When you are just starting out in the business world, it can seem daunting at times. In order to be an entrepreneur and run your own business successfully; you need to have drive, determination, and vision. These will help you stay above water through the hard times.
But you also need a great concept and suitable infrastructure and capital to implement it, which are sometimes harder to come by. In their quest for success, many young entrepreneurs turn to the luring world of franchising. But is that the most appropriate course of action for you?
Reviewing the pros and cons of becoming involved in a franchise can help you decide if this is the way to go.
For the Young and the Restless
If you are suited for the entrepreneur lifestyle, you already know it deep inside. It can be stressful and risky, and there are people who are risk-averse and people who love grasping opportunities. They dream of making it big and making an impact all in one.
But loving risks does not mean that everything about your first steps needs to be risky. Many people in their twenties and thirties already know that they are entrepreneurs in the making. But they lack the necessary experience in order to start from scratch.
If you fall into that category, becoming part of a franchise is a great option to consider. It gives you a way in without requiring that you go through the painstaking process of learning how to run the business from the ground up.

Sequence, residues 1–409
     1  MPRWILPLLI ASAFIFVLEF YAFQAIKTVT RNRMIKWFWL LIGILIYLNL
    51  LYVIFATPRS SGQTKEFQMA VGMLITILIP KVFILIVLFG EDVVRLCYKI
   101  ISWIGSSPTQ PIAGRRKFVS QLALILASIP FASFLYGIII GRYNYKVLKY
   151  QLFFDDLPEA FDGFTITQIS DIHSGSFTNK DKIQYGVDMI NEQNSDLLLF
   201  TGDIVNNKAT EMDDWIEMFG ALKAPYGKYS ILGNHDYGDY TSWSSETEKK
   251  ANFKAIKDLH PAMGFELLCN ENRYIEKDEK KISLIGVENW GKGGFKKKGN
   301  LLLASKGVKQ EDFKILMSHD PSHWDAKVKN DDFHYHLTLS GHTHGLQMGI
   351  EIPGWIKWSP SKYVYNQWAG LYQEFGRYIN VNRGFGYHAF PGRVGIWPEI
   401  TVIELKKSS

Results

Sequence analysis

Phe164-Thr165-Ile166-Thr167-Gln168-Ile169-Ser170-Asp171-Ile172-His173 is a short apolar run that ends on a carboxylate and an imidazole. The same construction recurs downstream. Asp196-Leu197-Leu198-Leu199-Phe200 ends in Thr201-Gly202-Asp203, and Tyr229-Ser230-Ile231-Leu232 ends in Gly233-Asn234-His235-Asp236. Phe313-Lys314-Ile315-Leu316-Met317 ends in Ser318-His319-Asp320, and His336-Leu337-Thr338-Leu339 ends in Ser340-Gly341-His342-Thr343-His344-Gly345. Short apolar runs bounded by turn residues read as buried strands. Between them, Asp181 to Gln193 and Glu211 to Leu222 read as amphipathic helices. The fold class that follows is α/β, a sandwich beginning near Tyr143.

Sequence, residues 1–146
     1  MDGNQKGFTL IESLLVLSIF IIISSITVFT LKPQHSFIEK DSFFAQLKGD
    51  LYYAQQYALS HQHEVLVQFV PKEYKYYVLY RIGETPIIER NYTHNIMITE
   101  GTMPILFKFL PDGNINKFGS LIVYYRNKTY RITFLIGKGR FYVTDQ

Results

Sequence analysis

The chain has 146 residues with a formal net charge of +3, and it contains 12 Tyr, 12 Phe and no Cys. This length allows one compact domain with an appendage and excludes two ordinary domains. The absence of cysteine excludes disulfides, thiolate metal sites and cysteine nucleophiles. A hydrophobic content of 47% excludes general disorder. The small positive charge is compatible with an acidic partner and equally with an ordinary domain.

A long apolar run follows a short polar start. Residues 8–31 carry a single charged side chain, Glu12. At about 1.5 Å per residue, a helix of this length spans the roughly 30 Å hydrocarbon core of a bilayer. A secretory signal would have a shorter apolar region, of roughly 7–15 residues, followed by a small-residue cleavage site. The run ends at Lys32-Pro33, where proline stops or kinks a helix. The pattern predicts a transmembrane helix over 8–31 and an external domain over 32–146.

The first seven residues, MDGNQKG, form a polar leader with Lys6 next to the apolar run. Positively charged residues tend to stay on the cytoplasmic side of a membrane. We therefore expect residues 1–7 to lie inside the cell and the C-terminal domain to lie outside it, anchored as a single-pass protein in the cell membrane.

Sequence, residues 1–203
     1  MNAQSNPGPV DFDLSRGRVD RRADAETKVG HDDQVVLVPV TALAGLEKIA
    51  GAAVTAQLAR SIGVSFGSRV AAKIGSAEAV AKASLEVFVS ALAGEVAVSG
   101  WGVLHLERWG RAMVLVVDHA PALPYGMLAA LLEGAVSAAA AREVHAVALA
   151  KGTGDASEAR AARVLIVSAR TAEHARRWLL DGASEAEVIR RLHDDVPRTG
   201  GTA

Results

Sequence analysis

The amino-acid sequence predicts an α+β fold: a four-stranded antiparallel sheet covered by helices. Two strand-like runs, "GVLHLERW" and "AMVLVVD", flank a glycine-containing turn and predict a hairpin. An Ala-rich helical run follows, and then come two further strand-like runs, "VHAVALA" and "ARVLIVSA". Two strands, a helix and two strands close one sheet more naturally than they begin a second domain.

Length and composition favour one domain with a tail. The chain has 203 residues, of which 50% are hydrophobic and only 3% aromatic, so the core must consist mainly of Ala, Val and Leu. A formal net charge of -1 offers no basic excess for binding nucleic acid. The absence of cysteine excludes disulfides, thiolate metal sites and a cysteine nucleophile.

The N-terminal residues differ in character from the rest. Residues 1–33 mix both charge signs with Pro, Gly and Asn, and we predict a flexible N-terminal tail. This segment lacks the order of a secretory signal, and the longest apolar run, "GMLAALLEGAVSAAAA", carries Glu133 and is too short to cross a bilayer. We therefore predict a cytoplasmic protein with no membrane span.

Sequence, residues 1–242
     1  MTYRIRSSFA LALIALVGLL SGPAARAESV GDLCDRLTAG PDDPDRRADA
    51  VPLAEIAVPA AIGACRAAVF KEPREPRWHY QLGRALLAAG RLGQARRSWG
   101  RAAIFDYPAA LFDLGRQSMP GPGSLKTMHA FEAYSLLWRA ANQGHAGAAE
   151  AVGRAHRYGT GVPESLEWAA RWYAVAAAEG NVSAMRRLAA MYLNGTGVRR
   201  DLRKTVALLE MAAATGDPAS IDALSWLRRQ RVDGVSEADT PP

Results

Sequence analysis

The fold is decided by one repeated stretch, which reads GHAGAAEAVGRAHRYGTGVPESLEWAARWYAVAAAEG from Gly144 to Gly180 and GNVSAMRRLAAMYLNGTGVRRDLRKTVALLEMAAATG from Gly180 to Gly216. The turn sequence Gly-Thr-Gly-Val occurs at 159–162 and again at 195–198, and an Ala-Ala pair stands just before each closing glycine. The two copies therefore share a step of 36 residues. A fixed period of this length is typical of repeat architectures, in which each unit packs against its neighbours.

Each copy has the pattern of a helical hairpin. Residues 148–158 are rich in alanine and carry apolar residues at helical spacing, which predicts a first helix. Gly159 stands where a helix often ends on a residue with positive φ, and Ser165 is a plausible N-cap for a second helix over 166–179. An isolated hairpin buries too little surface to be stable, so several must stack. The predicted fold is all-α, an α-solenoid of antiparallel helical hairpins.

Instead, you buy into an already set-up mechanism that is already tested and you know that it works – and how to make the most out of it.
By making your first move into the enterprise world through a franchise, you eliminate a lot of risks and allow yourself to acquire valuable experience that you will later be able to transpose into your own brand if you choose to.
Yet it still leaves you room to feel what it is like to be a businessman:
You will have to make strategic decisions about what makes you tick and inspires you, which franchise partnerships are best suited for you, where and when to open up and how to market your franchise business.
These are all executive decisions that rest on your shoulders even with a franchise and will make you understand what it feels like to run your own business.
For people just out of school or those looking to make a much-needed career change, a franchise seems like a good choice.
Perhaps what you have studied was not relevant to business, and you need practical experience to make up for that before moving on to your own brand ideas. Perhaps you do not yet have that perfect idea in your mind that you are certain will make the masses go wild.
It is also a good test run for your own idea if you already have it:
By choosing a business franchise with similar elements; e.g. one that relies a lot on everyday interaction with suppliers or contractors, or a business model involving a large number of employees or international clients. You will be able to fine-tune the details of your own plan in a relatively controlled environment and learn from this experience.
Choosing the Perfect Fit
According to Forbes, the International Franchise Association reports an overall number of 800,000 franchise businesses in the US alone. The industry employs roughly 9.1 million people in total and its contribution to the country’s GDP stands at an astounding $552 billion.
To sum up, there are a lot of opportunities in franchising – and a lot of money to be made. Already established companies are usually on the lookout for franchising through young entrepreneurs. As they benefit from their enthusiasm and passion for hard work.